How Liberal Democrats around the country are marking Remembrance Sunday

Here’s a flavour of how  Liberal Democrats are marking Remembrance Sunday, some in an official capacity, others on their blogs. I suggest you put on Elgar’s Cello concerto as recommended by Armour Plated Liberalism and have a look at the following:

Tim Farron spent yesterday selling poppies in bad weather:

Jo Swinson tweeted from a service in Bearsden


Cllr Richard Kemp has family on his mind as he heads for the Liverpool Cenotaph

Richard also supported a call for parking tickets given out at the time of the ceremony to be rescinded as many elderly soldiers need to park nearby.

On the blogs, Jae Kay shares his partner’s moving video to commemorate those who died in the Falklands.

Paul Walter shares his Uncle Alan’s story. Paul never knew him as he had been killed at the age of 18 during the Second World War. His post features some letters he wrote home, showing the gruelling work he had to do:

We started painting the ship gray today, because of this war the Apprentices don’t get any time to study and work all the time, we did four hrs off and 4 on coming over. We were very tired and experienced the coldest weather than I have ever seen. We wore two coats and half a long scarves, but now we are getting the hottest weather I ever had and we are going about out work in bare backs.

A Scottish Liberal, in a thoughtful post, questions what acts of Remembrance are for, stating first what it should not be about:

While it must be remembered, and indeed commemorated, it should not be glorified. Neither should it be hijacked by politicians keen to either exploit or instill a sense of national identity or, worse still, to foster a willingness to support our continuing military involvement in various parts of the world.

How he is marking the occasion:

 I hope we can all choose to remember in whatever way we see fit. Personally, I’m taking half an hour out of my working day on Monday at 11am to reflect on the effect various wars have had on my family and indirectly on my own life – and also to respect the countless millions on all sides who either actively served or were involved in some other way in the often tragic dramas history describes simply as wars.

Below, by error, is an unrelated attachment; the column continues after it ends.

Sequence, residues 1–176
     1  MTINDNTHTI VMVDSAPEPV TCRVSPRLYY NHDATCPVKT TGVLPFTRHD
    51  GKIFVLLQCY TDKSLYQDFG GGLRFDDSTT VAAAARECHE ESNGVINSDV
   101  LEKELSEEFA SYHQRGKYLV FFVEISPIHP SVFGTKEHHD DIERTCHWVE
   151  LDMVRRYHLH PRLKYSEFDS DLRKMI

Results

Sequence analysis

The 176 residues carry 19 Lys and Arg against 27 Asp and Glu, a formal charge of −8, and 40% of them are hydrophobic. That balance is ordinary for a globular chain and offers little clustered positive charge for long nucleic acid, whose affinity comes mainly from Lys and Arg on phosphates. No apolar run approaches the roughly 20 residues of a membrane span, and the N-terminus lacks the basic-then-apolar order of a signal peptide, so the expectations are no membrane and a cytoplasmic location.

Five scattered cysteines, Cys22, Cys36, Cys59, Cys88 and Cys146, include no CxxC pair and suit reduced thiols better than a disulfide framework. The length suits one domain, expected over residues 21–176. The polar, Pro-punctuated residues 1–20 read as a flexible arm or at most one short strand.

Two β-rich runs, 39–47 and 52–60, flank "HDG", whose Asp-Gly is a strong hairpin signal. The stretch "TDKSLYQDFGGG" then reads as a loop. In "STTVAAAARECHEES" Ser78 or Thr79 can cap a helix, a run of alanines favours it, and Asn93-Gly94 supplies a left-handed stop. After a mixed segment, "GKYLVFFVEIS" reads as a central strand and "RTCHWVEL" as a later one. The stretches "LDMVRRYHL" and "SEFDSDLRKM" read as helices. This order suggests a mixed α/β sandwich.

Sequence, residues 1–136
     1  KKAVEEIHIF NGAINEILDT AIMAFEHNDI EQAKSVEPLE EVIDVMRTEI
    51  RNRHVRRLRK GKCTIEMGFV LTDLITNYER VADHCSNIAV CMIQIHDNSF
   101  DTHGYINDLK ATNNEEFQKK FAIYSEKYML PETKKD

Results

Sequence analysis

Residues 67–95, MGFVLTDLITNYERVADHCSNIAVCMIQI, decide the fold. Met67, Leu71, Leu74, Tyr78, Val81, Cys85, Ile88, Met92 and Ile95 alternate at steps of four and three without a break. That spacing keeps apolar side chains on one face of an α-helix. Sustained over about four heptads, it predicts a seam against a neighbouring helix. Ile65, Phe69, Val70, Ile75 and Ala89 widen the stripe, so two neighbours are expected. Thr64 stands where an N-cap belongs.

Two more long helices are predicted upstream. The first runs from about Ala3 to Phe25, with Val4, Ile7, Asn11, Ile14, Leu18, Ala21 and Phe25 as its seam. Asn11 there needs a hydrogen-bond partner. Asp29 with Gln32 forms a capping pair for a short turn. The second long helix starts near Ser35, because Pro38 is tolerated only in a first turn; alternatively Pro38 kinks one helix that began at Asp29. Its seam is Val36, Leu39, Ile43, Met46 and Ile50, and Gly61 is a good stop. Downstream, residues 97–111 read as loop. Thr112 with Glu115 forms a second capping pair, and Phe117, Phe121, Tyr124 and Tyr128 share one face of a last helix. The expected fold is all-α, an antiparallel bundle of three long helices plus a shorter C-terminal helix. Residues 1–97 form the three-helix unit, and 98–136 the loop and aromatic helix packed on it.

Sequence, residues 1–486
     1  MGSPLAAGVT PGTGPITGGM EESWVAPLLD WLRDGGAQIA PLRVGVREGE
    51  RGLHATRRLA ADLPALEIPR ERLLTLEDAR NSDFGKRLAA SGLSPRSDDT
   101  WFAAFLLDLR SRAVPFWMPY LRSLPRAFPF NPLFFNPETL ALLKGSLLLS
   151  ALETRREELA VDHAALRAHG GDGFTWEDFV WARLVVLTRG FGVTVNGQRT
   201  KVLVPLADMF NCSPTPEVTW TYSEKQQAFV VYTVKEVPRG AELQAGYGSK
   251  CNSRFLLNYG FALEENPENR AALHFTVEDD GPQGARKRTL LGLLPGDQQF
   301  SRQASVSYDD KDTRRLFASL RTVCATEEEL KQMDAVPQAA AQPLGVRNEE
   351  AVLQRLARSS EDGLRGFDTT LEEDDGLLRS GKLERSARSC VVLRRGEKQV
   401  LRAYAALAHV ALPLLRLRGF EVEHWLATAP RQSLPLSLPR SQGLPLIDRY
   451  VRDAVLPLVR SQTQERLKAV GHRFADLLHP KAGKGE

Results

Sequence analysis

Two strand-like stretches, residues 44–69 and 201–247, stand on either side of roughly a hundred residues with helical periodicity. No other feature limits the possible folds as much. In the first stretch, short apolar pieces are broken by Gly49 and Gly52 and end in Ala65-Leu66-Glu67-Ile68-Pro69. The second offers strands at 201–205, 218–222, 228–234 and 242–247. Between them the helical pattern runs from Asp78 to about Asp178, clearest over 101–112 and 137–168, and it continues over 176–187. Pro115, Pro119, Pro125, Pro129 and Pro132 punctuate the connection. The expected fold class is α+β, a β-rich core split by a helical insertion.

But, just as patriotism is not enough, neither is Remembrance. The purpose of Remembrance is of greater significance than the act itself. Of what use can it be if it doesn’t cause us to strive for a better future?

* Caron Lindsay is Editor of Liberal Democrat Voice and blogs at Caron's Musings

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One Comment

  • Simon Banks 12th Nov '13 - 9:35am

    In my Waltham Forest councillor days, I used to represent the Council at one of the three ceremonies (a throwback to when there were three councils, and because there were three war memorials). I did the one in Leyton. It was a small ceremony, attended mainly by British Legion veterans plus a pipe band which had played also in Japan and outside war cemeteries of both parties in North Africa.

    On one occasion during the ceremony a young Black man appeared at the opposite end to us. He stood silently, head bowed, His clothes suggested he’d been jogging, not going expecting to take part. At the end, I went to speak to him but he had vanished.

    That was unexpected and moving.

    By the way, I’d always understood the ceremony was to commemorate all those who had died in war, which in the Second World War included a lot of civilians. But BBC and ITV news people referred only to the armed forces.

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